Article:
No need to pull out your scissors just yet – voting for the 92nd Academy Awards is still underway, and the nominations won’t be unveiled until Jan. 13. So, don’t worry, voters can still check off Lupita Nyong’o for giving not one, but two, searing performances in Jordan Peele’s Us.” Nyong’o is already a Best Supporting Actress Oscar winner for Steve McQueen’s “12 Years a Slave” (2013) and could finally snag her second career nom, this time in Best Actress.
Of her two her characters in “Us,” we first meet Adelaide Wilson, a wife and mother of two, who is scarred by a 1986 incident in Santa Cruz; visiting with her parents, she wandered off into a funhouse, where she encountered a doppelgänger of herself, Red, in the hall of mirrors. In the present, Red then returns to terrorize Adelaide and her family. At the end of the movie, however, it’s revealed that the altered, estranged girl who returned to her parents in 1986 was the doppelgänger, making the scissors-wielding, red overalls-dressed figure the real Adelaide.
At first, Nyong’o plays Adelaide as reticent and worried, with a presence that etches the story of an injurious past, but quickly morphs her into a perturbed and violent character. As Red, on the other hand — wide-eyed, initially expressionless and robot-like — she dominates the screen with an unsettling presence that is only amplified by her guttural, husky voice, which the actress based off the condition spasmodic dysphoria. But as Red deconstructs the torture that the Tethered (the other doppelgängers) endured underground, forced to replicate their above-ground counterparts’ every action, Nyong’o infuses this seemingly monstrous figure with tangible humanity.
These nuances are mimicked in Nyong’o’s physicality: Red is thoroughly skilled, rehearsed and measured, while Adelaide is instinctive, erratic and even thuggish — specifically in the face-off between them toward the end. By the time the credits roll, Nyong’o has crafted two distinctive performances for two diametrically opposed characters, but simultaneously managed to blend them just enough, and just at the right moments, to make the final twist feel both natural and earned.
The one-two punch of showy performances is the type of transformative turn the academy tends to gravitate toward — even if mostly in form of an actor portraying a real-life person. Actors who played multiple roles in the same movie and went on to snag Oscar bids include Nicolas Cage for “Adaptation” (Best Actor, 2002), Meryl Streep for “The French Lieutenant’s Woman” (Best Actress, 1981), Peter Sellers for “Dr. Strangelove” (Best Actor, 1964) and Charlie Chaplin for “The Great Dictator” (Best Actor, 1940); Lee Marvin (Best Actor for “Cat Ballou,” 1965) and Joanne Woodward (Best Actress for “The Three Faces of Eve,” 1957) are among those who won.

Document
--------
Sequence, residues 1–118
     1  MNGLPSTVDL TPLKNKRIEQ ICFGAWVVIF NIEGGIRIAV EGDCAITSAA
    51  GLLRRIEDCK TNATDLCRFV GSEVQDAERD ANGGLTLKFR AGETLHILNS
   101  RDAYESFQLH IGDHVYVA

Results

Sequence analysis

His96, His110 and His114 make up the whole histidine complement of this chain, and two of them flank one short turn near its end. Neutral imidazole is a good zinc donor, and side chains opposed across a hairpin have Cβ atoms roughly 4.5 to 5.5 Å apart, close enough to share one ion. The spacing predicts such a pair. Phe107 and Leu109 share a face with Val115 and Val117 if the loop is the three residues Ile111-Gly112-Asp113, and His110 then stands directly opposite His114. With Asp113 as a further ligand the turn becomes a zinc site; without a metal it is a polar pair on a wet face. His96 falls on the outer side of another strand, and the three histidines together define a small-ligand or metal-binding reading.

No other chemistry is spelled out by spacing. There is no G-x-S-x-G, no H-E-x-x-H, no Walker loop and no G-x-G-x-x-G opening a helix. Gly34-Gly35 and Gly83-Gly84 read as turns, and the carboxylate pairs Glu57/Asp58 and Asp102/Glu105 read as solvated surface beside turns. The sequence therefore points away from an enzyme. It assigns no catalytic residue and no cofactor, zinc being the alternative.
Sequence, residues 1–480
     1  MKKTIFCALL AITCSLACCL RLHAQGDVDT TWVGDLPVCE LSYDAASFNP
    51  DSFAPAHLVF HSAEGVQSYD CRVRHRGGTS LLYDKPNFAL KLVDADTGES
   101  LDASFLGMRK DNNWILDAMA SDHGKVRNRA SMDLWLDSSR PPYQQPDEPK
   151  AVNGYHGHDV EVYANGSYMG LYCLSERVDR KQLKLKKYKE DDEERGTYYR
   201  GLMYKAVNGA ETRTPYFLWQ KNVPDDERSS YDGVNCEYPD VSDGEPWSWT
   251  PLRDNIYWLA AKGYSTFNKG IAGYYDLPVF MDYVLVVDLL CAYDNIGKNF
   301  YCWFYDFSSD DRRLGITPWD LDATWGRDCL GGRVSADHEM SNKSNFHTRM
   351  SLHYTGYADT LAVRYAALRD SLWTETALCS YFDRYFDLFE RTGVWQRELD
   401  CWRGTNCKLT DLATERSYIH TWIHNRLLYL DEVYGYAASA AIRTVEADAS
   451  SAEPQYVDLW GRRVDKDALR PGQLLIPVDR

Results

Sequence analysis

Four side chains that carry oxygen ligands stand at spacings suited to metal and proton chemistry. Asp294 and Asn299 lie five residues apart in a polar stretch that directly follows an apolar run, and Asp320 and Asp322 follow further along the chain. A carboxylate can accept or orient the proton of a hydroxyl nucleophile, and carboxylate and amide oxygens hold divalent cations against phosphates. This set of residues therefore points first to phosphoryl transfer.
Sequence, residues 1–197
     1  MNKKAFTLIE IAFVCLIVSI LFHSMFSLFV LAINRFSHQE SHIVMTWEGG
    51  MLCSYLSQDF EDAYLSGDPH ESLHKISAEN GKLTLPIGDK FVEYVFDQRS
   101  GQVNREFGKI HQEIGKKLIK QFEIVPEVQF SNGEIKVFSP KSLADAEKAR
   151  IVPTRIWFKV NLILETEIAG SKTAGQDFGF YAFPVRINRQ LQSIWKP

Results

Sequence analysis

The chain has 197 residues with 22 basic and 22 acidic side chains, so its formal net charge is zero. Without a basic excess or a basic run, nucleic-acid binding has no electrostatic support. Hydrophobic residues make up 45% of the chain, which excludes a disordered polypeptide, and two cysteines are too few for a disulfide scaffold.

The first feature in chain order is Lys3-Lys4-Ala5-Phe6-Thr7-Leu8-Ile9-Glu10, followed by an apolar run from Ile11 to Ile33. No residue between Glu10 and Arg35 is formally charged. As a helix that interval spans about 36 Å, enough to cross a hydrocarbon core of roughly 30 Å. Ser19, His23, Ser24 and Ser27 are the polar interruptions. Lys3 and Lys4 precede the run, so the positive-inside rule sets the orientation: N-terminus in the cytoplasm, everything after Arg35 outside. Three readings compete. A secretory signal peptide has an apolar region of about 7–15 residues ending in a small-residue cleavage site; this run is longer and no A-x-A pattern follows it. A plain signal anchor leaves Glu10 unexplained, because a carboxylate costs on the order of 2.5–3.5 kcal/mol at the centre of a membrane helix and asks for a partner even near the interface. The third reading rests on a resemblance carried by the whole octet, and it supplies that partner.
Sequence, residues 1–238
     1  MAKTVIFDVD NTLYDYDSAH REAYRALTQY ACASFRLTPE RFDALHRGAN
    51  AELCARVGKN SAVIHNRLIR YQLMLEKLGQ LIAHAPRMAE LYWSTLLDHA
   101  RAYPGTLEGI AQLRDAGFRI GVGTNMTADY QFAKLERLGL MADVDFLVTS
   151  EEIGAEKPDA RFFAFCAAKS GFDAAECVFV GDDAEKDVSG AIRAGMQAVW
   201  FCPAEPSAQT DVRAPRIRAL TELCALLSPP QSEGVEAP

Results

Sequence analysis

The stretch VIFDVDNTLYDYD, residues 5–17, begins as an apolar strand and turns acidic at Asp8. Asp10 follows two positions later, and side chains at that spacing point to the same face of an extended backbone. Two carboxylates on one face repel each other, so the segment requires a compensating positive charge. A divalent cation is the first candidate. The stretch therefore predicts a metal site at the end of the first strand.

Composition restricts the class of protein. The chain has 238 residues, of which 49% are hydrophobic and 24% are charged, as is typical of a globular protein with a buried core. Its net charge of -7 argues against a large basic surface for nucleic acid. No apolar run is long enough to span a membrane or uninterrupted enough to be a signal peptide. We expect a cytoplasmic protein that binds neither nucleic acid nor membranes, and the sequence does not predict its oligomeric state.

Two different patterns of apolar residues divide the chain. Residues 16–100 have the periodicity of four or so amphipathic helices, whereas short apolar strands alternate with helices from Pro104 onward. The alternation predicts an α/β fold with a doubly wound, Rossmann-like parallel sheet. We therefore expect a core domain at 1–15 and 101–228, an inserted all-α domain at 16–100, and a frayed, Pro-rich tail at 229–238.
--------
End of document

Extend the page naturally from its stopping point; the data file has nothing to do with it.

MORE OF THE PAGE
As of this writing, Nyong’o has racked up 19 different critics prizes — including Best Actress from the New York Film Critics Circle — well ahead of projected Oscar frontrunners Scarlett Johansson (“Marriage Story,” 11 wins) and Renée Zellweger (“Judy,” seven wins), who rank behind Nyong’o in second and third place. While these groups have little to no membership overlap with the academy, they’ve given Nyong’o a much-needed boost en route to the Oscars, given that “Us” premiered in March.
Nyong’o has also been shortlisted at the Critics’ Choice and Screen Actors Guild Awards – the two groups that gave her the win for “12 Years a Slave.” Her snub at the Golden Globe Awards — where she was beaten by Jennifer Lawrence (“American Hustle”) in 2014 — might be no cause for worry as the Hollywood Foreign Press Association shares no members with the academy. SAG-AFTRA, on the other hand, does, which makes her inclusion all the more important as it indicates significant support from actors.
Even though this would be Nyong’o’s first time back at the Oscars since her victory, she has since established herself as a versatile actress with roles in blockbusters like “Star Wars” — just recently, “Star Wars: The Rise of Skywalker” — and one of last year’s Best Picture nominees, “Black Panther” (2018), as well as in smaller features like “Queen of Katwe” (2016) and last year’s “Little Monsters.” If she were to be nominated for “Us,” she’d also be just the fourth black actress to score a second career nomination, following two-time nominee Whoopi Goldberg, and three-timers Viola Davis and Octavia Spencer.
Although horror movies aren’t always academy fare, Nyong’o could follow in Daniel Kaluuya’s footsteps, who in 2018 bagged a Best Actor nom for Peele’s directorial debut “Get Out.” Although “Us” might not receive as much across-the-board support as its predecessor, don’t be surprised to at least see it pop up in several below-the-line races, particularly Best Original Score, with composer Michael Abels’ inclusion on the shortlist. Also, bear in mind that outside of Johansson’s “Marriage Story,” none of the other predicted Best Actress nominees’ movies appear to be surefire locks in the Best Picture race.
Our combined odds are currently forecasting nominations for Zellweger, Charlize Theron (“Bombshell”), Johansson, Saoirse Ronan (“Little Women”) and Awkwafina (“The Farewell”); Cynthia Erivo (“Harriet”) and Nyong’o are both on the outside looking in, sitting in sixth and seventh place, respectively.
Be sure to make your Oscar nominee predictions today so that Hollywood insiders can see how their films and performers are faring in our odds. You can keep changing your predictions as often as you like until just before nominees are announced on January 13. And join in the fun debate over the 2020 Academy Awards taking place right now with Hollywood insiders in our film forums. Read more Gold Derby entertainment news.